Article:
Solanum 'Deaf Adder', a New Bush Tomato Species from the Australian Monsoon Tropics
Author:Claire Marino ’23
Co-Authors:Dr. Chris Martine, Dr. Tanisha Williams
Faculty Mentor(s):Dr. Chris Martine, Biology
Dr. Tanisha Williams, Biology
Funding Source:David Burpee Research Fund; Bucknell Department of Biology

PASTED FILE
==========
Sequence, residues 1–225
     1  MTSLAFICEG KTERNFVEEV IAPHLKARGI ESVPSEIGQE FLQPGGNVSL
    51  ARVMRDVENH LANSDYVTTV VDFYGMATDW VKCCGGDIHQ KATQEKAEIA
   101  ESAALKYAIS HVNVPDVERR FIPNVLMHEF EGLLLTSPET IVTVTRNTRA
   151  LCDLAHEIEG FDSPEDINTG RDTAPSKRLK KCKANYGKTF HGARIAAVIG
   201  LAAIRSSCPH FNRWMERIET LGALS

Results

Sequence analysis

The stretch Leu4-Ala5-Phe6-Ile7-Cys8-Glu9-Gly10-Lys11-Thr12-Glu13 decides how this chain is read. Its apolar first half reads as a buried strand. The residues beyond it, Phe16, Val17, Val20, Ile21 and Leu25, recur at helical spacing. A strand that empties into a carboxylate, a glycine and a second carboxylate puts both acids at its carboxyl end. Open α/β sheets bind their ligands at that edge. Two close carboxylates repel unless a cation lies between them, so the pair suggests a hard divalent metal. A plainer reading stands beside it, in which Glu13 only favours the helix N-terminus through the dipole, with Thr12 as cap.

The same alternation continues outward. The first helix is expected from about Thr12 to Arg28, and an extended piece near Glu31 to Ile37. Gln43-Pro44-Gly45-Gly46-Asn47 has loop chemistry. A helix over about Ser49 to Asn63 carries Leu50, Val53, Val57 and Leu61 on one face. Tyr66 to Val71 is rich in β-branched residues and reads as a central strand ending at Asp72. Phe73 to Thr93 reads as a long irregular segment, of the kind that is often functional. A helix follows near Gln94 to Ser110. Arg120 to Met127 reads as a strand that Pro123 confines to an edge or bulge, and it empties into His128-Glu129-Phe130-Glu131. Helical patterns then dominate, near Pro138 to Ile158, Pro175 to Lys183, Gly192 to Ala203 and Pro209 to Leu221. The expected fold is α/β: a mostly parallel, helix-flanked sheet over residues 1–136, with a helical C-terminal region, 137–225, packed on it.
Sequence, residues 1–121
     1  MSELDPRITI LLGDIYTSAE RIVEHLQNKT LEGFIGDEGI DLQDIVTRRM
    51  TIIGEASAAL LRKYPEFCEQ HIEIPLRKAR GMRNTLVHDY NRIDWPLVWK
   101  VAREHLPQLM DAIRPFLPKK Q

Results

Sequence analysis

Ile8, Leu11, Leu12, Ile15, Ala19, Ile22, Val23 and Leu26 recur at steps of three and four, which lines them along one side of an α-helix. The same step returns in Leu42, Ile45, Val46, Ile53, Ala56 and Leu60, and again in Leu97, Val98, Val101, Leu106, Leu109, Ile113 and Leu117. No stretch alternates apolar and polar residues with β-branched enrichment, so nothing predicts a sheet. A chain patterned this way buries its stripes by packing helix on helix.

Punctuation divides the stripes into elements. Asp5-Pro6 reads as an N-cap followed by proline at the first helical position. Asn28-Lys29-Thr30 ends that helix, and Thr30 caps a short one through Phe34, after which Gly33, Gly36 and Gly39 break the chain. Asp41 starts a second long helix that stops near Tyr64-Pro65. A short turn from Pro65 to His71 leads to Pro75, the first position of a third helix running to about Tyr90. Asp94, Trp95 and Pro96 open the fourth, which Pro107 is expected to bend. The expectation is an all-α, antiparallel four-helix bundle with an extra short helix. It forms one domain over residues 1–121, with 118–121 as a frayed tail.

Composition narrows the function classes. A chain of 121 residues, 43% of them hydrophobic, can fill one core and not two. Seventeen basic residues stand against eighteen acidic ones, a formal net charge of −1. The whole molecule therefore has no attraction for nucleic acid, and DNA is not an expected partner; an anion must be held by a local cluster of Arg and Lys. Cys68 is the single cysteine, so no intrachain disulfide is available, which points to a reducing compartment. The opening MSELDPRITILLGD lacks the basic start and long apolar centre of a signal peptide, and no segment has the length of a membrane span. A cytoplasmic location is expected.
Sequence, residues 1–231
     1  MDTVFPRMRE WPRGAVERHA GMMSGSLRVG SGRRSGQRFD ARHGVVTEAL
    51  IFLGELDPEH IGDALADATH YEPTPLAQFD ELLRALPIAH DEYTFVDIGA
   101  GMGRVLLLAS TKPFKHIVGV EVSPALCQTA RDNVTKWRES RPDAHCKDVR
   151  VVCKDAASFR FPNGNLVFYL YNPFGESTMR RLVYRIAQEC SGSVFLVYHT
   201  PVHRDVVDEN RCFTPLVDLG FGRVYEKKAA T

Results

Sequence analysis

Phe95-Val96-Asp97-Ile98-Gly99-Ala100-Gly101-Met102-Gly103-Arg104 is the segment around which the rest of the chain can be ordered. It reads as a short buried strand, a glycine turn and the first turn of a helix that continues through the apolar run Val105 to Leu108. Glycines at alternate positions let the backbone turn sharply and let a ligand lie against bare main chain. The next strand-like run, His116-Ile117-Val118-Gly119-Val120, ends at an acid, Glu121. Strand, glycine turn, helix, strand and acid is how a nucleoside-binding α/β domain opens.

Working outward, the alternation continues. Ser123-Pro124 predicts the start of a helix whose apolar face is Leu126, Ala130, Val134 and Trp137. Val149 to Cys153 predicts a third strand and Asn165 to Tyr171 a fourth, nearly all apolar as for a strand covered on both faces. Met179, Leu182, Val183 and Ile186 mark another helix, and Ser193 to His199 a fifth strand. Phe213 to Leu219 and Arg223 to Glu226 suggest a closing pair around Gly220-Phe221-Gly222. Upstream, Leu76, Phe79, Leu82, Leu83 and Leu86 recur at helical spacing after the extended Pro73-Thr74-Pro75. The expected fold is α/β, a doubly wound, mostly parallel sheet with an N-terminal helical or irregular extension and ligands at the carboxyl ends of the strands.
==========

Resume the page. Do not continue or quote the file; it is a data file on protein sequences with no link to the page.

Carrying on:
Australia is a unique island continent with many endemic species. Ongoing research and estimates suggest that over 70% of the flora and fauna have yet to be described across the continent. We are currently investigating one such potential new species currently known to field botanists as Solanum ‘Deaf Adder’, which is named for its only known location in the remote Deaf Adder Gorge within Kakadu National Park. It is currently designated as a localized variant of Solanum asymmetriphyllum, and is a close relative to Solanum sejunctum. However, based on the numerous morphological differences between these three solanums, as well as their geographical separation within the national park, it is more than likely that ‘Deaf Adder’ is a distinct and separate species. More than 30 morphological characters were measured on a greenhouse-grown female ‘Deaf Adder’ specimen, including leaf length, prickle density of the calyces, and seed count per fruit, and then used to document the differences among ‘Deaf Adder’, S. asymmetriphyllum, and S. sejunctum. Future research for this project will include using ImageJ to gather more information and measurements such as leaf area, and conducting data analyses between ‘Deaf Adder’, S. asymmetriphyllum, and S. sejunctum, which will include principal components analyses (PCA), analyses of variance (ANOVA), and post-hoc testing. The objective of this research is to determine if Solanum ‘Deaf Adder’ is its own species, and if so, to describe and name ‘Deaf Adder’ in order to introduce it to the scientific community and to protect it.